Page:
I started parking my 98 Honda Civic Ex in the garage and not driving anywhere from 1-3 days.

I've noticed when starting it stumbles and feels like a very slight misfire for about 5-10 seconds then clears up and drives fine.

Never noticed it when parking outside even for same duration of not being driven.

The garage does feel slightly cooler than outside temps, I wonder if it's condensation building in the cylinders or something?

Addendum: So I went into the garage today and it felt pretty damp in there. I wonder if that's contributing to it. How could I lessen the dampness?

  • Try this, key cycle it 3 times, turn key to run for 5 seconds, turn off, do this 3 times, does it start normally now?
    – Moab
    Aug 26, 2016 at 20:56
  • I'll have to try that. Think it's losing fuel pressure?
    – ohmmy
    Aug 26, 2016 at 20:57
  • Its possible the pump assembly is faulty, most have a fuel pressure accumulator to keep the fuel system pressurized during down time, this would test that.
    – Moab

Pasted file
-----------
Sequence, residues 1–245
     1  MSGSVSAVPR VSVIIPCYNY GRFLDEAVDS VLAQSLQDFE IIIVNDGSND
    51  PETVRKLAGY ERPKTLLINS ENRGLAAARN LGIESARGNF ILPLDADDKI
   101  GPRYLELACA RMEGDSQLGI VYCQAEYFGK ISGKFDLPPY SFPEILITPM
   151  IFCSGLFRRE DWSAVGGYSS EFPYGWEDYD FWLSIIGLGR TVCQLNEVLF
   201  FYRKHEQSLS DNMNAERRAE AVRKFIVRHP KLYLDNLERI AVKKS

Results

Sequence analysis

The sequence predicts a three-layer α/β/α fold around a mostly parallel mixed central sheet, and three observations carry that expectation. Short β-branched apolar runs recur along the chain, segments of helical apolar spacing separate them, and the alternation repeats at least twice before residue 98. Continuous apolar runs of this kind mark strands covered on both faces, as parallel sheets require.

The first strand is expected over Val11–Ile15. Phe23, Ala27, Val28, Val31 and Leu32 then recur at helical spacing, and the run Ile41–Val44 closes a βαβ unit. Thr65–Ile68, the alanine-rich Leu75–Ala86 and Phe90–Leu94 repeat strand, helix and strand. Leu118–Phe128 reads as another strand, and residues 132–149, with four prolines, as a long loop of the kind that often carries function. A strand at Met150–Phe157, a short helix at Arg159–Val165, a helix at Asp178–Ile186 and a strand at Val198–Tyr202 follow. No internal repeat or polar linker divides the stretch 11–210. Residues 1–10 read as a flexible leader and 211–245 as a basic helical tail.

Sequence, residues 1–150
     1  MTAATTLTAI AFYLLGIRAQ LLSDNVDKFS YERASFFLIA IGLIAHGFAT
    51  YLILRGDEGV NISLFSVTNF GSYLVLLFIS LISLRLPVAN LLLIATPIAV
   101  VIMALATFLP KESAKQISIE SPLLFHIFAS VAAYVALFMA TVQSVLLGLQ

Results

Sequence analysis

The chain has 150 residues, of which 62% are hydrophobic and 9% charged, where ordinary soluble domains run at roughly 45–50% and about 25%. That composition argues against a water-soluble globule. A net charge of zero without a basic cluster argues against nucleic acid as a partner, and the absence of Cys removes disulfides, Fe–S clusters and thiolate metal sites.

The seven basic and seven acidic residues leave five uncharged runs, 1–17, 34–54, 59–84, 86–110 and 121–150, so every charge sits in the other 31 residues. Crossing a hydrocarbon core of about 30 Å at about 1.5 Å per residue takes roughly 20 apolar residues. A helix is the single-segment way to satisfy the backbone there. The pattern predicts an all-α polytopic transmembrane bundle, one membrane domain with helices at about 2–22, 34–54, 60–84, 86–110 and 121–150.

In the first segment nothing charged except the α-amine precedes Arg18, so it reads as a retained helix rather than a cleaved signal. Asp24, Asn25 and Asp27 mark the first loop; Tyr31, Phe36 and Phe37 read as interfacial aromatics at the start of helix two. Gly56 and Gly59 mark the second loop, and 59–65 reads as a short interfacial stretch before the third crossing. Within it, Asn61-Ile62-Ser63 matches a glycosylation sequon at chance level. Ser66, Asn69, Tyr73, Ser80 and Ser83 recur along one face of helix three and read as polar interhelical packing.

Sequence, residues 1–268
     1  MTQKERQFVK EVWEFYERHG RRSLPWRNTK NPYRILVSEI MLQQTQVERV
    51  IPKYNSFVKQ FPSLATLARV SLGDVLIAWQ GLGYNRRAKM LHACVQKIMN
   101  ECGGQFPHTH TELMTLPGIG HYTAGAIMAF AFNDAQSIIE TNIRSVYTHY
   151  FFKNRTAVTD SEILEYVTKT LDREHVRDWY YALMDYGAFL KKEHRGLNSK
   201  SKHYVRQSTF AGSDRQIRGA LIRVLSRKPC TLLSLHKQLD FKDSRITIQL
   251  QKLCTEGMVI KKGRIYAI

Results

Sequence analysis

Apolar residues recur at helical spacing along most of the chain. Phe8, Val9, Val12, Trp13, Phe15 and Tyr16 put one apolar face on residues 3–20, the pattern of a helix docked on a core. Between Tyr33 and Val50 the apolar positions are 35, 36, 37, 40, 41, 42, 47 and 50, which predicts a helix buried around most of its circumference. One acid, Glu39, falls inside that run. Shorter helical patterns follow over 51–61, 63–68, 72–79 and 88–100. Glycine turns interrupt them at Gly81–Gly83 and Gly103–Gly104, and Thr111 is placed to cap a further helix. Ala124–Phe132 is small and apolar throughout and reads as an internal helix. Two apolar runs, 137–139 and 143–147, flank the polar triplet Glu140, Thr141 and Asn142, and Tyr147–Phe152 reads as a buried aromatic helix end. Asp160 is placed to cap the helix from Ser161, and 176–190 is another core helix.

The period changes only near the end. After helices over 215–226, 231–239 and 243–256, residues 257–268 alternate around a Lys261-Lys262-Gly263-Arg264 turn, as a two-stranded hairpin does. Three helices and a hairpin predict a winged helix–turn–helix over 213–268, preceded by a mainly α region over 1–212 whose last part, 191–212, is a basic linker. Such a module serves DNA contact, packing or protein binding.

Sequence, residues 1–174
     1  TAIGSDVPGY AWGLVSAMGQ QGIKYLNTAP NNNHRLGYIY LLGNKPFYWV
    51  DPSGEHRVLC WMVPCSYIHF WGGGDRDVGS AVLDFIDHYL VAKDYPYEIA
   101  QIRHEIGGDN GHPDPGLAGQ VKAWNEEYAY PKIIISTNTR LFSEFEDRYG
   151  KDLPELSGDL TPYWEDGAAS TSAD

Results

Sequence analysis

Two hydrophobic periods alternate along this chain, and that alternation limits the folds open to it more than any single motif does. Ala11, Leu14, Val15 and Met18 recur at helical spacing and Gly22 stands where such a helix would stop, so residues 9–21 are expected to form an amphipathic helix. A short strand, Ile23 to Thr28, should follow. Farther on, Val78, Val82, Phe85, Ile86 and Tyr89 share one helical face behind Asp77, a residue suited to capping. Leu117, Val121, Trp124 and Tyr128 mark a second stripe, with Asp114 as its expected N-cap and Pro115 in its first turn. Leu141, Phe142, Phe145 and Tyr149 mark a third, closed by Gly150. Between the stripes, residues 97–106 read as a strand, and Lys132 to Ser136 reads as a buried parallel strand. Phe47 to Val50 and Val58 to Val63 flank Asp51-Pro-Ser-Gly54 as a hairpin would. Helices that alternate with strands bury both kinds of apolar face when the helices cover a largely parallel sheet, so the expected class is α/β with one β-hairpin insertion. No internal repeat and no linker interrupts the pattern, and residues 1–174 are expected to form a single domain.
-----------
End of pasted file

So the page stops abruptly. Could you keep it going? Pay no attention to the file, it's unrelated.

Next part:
Aug 26, 2016 at 21:00
  • But why has it never done this before I started parking in the garage? Wouldn't it have happened all the time?
    – ohmmy
    Aug 26, 2016 at 21:02
  • Its a time thing, it bleeds off after so many hours. Try my test.
    – Moab
    Aug 26, 2016 at 21:19

2 Answers 2


IIRC, the 98 Honda Civic has a distributor, not a coil. I've experienced something similar with my 99 Nissan Almera. Basically, when it's cold and humid moisture condenses inside the distributor and causes misfires. At least that's my theory. In my case, the misfires go away after a few minutes, not a few seconds, but I have a feeling it may be the same underlying problem.

It's also possible, as @Moab said that after sitting a few days too much fuel pressure bleeds off, and it's just taking a few seconds for the fuel pump to pressurize the lines. If that's the case it could be a problem with either the check valves in the pump, return line or leaky injectors any of which could cause the pressure to slowly bleed down over time.


Check your IACV hoses. They draw in water vapor, the water vapor dries, and leaves a sort of calcification build-up. Over the years this can develop a partial blockage.

  • Hmm so check the hoses for any tears or just inside them? On my car the hoses contain coolant. I'm not sure if the reason is so the valve doesn't freeze or if used to control idle speed. I've cleaned my IACV about two years ago too
    – ohmmy
    Aug 26, 2016 at 20:38
  • Inside them. The hoses coming from the thermostat and going through the intake manifold contain coolant. Those are not the hoses I am referring to. The IACV hose provides air to control idle speed.
    – justinm410
    Aug 26, 2016 at 21:07

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